Here is what the “Ghost Insights” team sent to me with the suggestion that I put the link on social media:

Listen to my recent interview on Ghost Insight with @THEJimHarold https://media.blubrry.com/paranormalplus/content.blubrry.com/paranormalplus/Historic_Haunts_of_the_Long_Beach_Peninsula-Ghost_Insight_170.mp3  

If you listen, let me know what you think  (Be kind, please.)  I think it’s about 30 minutes long…

October: Not Exactly As Planned

October 8th, 2021

Scavenger Hunt

I wonder when we’ll be able to plan ahead with surety — as in arranging to attend something or help sponsor something or…  Not for a while longer, would be my guess.

A few months back, when events for October were being scheduled, it looked like it might be a busy month for me.  Two offers to do book-signings at the Cranberrian Fair — one at the Columbia Pacific Heritage Museum and one at the Cranberry Museum.  Both for this weekend and, of course, both cancelled when the Fair was cancelled.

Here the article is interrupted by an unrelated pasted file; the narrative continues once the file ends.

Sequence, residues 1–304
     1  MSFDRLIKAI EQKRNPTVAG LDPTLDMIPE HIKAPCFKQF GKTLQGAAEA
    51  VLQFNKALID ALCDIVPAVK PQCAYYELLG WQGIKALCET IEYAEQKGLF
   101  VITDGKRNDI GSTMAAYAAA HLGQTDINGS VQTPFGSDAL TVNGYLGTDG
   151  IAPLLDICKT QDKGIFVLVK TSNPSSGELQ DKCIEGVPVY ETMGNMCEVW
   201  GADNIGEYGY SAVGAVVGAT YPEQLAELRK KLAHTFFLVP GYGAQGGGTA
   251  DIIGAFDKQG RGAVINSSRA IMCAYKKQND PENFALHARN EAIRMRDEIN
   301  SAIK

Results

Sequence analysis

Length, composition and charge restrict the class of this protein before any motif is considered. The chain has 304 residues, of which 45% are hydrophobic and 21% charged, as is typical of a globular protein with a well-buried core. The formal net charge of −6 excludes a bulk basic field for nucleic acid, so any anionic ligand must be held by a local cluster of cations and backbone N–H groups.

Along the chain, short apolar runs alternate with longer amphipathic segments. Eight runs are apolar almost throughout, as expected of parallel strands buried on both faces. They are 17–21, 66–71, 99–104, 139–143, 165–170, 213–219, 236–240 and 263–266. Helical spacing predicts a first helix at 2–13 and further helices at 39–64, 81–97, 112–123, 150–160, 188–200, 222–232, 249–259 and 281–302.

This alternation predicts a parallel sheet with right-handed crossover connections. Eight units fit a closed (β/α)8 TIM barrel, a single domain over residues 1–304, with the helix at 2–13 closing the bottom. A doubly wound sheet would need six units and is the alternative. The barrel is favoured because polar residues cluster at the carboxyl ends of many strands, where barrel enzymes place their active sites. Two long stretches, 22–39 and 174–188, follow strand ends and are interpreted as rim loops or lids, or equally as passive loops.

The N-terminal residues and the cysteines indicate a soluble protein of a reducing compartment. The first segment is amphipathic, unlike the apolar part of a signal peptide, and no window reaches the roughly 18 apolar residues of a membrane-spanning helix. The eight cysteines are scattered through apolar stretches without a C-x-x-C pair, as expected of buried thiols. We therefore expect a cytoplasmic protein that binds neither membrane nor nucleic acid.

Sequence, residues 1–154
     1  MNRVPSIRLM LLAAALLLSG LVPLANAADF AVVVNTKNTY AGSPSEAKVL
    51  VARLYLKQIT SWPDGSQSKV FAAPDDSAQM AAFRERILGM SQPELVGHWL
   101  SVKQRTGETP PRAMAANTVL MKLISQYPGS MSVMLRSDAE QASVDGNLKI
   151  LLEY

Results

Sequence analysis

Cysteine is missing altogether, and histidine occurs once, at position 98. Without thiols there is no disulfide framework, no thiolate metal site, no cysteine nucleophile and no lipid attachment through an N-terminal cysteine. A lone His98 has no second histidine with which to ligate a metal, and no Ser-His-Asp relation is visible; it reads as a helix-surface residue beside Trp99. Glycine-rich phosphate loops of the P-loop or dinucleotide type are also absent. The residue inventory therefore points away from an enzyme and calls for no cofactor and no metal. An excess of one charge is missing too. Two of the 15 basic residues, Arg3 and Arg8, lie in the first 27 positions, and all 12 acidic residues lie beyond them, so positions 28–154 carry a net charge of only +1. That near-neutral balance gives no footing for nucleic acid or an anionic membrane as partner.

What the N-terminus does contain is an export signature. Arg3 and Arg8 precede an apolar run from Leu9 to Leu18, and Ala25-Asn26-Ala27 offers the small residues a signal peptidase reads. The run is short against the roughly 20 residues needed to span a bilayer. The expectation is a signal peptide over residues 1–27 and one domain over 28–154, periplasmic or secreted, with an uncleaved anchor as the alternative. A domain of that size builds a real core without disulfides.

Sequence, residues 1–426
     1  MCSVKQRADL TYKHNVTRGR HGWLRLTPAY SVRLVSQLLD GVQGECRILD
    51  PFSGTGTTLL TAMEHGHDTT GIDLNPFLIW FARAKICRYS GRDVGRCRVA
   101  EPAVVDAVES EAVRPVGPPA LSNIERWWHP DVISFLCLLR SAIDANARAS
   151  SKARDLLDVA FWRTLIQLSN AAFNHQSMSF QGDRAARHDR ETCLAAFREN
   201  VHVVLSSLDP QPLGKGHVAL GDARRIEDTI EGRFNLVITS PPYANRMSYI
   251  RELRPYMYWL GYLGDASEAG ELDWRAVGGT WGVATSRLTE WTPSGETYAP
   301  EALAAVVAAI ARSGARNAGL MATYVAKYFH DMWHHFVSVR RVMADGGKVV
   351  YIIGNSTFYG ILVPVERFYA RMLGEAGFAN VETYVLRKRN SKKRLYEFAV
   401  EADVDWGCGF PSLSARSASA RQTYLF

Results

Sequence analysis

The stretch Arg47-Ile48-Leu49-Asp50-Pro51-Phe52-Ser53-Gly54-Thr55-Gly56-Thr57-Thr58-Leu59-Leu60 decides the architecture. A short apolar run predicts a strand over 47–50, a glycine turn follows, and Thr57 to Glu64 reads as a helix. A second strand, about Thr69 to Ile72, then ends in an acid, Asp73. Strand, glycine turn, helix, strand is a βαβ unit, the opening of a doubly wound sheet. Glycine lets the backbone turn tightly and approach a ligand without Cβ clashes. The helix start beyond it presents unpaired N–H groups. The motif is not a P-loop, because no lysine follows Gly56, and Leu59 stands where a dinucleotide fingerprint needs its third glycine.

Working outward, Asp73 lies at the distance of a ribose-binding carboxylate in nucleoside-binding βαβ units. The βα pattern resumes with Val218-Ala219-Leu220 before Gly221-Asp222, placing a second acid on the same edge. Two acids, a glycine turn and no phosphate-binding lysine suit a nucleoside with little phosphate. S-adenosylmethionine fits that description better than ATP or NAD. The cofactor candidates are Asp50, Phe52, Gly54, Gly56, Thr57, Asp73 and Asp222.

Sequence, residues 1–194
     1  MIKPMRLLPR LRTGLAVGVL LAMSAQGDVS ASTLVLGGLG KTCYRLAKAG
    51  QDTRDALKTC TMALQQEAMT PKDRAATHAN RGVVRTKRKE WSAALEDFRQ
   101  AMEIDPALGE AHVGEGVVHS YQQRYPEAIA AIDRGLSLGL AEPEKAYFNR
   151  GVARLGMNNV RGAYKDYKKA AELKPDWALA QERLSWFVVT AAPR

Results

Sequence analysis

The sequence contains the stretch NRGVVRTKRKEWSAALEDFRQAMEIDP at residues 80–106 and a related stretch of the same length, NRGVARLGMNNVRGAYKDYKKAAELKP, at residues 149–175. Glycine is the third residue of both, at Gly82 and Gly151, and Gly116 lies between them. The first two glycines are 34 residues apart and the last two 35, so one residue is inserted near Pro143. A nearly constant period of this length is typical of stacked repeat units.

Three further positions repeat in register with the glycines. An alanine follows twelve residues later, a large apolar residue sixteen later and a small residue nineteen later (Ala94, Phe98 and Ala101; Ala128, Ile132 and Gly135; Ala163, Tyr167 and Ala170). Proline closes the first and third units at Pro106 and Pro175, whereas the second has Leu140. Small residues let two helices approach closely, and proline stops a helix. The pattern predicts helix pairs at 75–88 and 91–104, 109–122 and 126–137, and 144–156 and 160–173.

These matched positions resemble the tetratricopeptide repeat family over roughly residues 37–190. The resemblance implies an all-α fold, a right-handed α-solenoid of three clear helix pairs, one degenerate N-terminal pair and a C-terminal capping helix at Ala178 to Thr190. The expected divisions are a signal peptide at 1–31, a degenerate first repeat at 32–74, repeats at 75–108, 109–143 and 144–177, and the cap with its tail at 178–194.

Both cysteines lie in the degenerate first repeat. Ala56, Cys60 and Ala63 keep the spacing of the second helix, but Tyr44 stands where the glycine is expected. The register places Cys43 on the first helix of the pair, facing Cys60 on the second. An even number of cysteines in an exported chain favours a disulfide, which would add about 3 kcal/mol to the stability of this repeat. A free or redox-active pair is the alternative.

I was also scheduled to do a book talk and signing at the Ocean Park Timberland Library on October 16th.  It was to be in connection with a proposed annual month-long celebration of literacy called Peninsula Loves to Read.  Sponsored by both the Ilwaco and Ocean Park Libraries, they were planning to hold special events throughout October around the theme: “The Peninsula Loves to Read MYSTERIES!”  I was SO looking forward to talking about both of my ghost books, but…  CANCELLED!  Damn!

Now Available in Hardcover

Fingers crossed for next year on all counts!  And, of course, my disappointments are small potatoes in comparison to some of the really big and important celebrations and ceremonies that have been called off in the interest of health and safety.